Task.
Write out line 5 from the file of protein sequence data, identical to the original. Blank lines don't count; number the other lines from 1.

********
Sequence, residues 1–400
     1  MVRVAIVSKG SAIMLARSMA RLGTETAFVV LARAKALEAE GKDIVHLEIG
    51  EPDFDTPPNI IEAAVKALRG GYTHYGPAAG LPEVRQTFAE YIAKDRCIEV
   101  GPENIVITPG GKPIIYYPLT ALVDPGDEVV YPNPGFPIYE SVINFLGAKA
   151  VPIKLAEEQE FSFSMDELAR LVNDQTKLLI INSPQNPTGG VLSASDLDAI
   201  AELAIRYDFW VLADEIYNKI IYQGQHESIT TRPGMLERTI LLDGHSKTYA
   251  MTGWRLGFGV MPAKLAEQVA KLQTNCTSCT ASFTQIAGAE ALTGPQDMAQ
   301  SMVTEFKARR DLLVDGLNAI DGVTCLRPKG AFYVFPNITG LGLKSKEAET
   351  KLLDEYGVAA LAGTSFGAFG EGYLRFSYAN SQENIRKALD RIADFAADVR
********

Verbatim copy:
   151  VPIKLAEEQE FSFSMDELAR LVNDQTKLLI INSPQNPTGG VLSASDLDAI